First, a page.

Investors often struggle to understand the complex dynamics that drive stock prices higher or lower from day to day. Learning how these factors shape certain market trends underpins the very foundation of asset allocation and portfolio management. By and large, this means balancing risk against performance through a diverse selection of stocks and bonds across a wide range of market capitalizations.
Market Capitalization—or market cap, for short—is still considered the standard measure of a company’s size and financial performance. It is determined by multiplying the current price per share by the total number of outstanding shares. Apple (AAPL), for example, has 5.2 billion shares outstanding and trades a smidge over $155—putting its valuation just north of $800 billion.
If the stock appreciated by 25% it would lift the tech giant’s market capitalization by the same amount and make it the first trillion-dollar company; however, a dip in price would have the opposite effect. In most cases the total value of a company rises and falls with changes in share price.
Deviations in the number of outstanding shares also have a hand in determining a company’s valuation. When management decides to issue new shares or exercise a warrant, it tends to have a dilutive effect on existing value as the offer is made at a discount from the current list price.
Corporate events such as stock splits and dividends, on the other hand, have an inverse impact on market price and outstanding shares, resulting in an unchanged market cap. In other words, a corporate action that increases the number of outstanding shares will also elicit a decline in price by the same amount as the dividend payment or split.
Moreover, market cap is a powerful tool to manage expectations and set investment goals; large cap stocks exhibit more stable returns with a history of dividend payments whereas small companies boast significant growth potential and volatility. A standard mix of small, mid, and large cap stocks help reduce investment risk while maximizing long-term returns.
In the past, this meant selecting small stocks valued between $300 million and $2 billion, medium sized ones in the range of $2 and $10 billion, and large cap companies valued over $10 billion. But as the market storms to new all-time highs, traditional benchmarks have also changed.
What was once considered a large cap stock 30 years ago is now considered small. Take JC Penney (JCP) for example. The beaten-down department store is down to a mere $1.1 billion; a small cap by standard classifications, but a micro-cap based on today’s market conditions.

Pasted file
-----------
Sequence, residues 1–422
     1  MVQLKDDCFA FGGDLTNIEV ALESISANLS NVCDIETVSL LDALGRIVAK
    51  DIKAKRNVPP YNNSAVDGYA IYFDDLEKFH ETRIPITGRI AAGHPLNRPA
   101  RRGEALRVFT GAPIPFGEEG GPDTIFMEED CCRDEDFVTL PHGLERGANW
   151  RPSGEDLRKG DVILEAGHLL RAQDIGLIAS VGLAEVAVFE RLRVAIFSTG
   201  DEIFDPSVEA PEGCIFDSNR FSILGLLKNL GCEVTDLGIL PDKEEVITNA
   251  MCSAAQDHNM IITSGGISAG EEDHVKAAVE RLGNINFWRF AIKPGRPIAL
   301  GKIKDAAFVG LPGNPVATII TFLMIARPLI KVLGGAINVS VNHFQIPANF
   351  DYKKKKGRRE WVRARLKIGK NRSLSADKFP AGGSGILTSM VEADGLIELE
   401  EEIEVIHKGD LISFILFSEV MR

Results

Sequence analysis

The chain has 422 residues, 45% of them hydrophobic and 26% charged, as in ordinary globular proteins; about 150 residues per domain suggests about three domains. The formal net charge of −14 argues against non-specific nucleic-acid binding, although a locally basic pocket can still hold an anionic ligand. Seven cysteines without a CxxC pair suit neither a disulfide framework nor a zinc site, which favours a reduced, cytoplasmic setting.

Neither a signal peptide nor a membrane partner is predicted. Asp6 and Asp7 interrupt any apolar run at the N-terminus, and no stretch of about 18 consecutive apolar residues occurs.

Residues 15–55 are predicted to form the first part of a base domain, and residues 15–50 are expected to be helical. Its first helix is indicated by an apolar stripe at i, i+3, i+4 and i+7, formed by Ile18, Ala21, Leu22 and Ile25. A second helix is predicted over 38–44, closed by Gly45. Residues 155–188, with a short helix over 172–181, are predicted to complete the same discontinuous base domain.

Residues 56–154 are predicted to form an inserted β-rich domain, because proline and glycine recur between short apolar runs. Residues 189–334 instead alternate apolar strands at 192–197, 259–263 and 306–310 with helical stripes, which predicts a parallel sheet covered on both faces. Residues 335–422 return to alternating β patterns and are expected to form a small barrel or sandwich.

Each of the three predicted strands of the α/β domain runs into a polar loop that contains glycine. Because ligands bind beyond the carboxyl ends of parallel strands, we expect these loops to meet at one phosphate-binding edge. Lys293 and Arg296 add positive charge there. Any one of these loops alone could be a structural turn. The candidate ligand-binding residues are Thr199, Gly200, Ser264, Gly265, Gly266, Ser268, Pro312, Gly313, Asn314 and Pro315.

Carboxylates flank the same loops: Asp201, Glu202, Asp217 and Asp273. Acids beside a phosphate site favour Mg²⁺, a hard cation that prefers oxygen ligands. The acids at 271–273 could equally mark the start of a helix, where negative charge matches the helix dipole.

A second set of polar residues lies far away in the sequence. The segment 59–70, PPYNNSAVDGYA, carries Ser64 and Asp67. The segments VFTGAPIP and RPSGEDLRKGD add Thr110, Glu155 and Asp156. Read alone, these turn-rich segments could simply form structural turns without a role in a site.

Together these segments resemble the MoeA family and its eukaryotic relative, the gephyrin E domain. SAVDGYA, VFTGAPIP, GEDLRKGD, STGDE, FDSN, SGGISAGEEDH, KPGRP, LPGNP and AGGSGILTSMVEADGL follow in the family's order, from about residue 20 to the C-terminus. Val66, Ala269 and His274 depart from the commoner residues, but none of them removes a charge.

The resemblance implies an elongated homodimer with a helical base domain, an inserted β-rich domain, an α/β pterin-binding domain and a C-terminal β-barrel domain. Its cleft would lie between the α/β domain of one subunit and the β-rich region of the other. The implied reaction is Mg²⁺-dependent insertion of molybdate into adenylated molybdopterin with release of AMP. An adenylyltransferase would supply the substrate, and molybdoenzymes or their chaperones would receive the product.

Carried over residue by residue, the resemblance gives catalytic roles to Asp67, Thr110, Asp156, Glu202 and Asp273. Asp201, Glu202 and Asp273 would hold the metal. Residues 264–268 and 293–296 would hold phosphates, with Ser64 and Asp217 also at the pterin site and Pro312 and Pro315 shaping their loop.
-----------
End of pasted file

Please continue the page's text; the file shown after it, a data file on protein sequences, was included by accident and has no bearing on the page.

It is true that cap size tends to correlate with risk and return, but as demonstrated by Amazon’s (AMZN) recent run, this assumption does not always hold. Shares of the retail giant increased by 27 percent year to date and nearly 300% in the past 5 years, compared to an 83% jump by the Russell 2000—the de facto index for tracking small, growth companies.
In spite of the aggressive movement, investors can still look at large stocks as a safe bet when volatility emerges. Large companies are better equipped to weather market turbulence or an economic downturn that slows down fundamental performance. They often generate revenue from multiple different sources, whereas smaller companies rely on a single product.
Although market cap is a well-known investment tool, there are several popular economic indicators grounded in the value of equities. The Buffet Indicator, for instance, gauges the health of the economy by taking the percent of total market capitalization relative to gross domestic product (GDP). If the metric rises above 100 percent, as it has today, conventional wisdom suggests stocks are expensive, whereas a reading between 75 to 90 percent represents fair value. Other variations of the Buffet Indicator substitute GDP with revenue or sales as a way to compare stock valuations.
And yet, there is a common misconception that price per share offers more valuable information than market capitalization. Many investors mistakenly view price as a window into sales and profitability, but the actual price tag means very little without considering other factors.
This misguided approach feeds into the incorrect perception that inexpensive stocks signify potential value when the truth is stocks can trade at a bargain due to fundamental problems.
Looking at share prices alone can lead investors down a dangerous path wrapped up in risky and ill-advised decisions. Instead, focus on market capitalization and other underlying fundamentals for an honest depiction of a company or stock’s value.
The views and opinions expressed herein are the views and opinions of the author and do not necessarily reflect those of Nasdaq, Inc.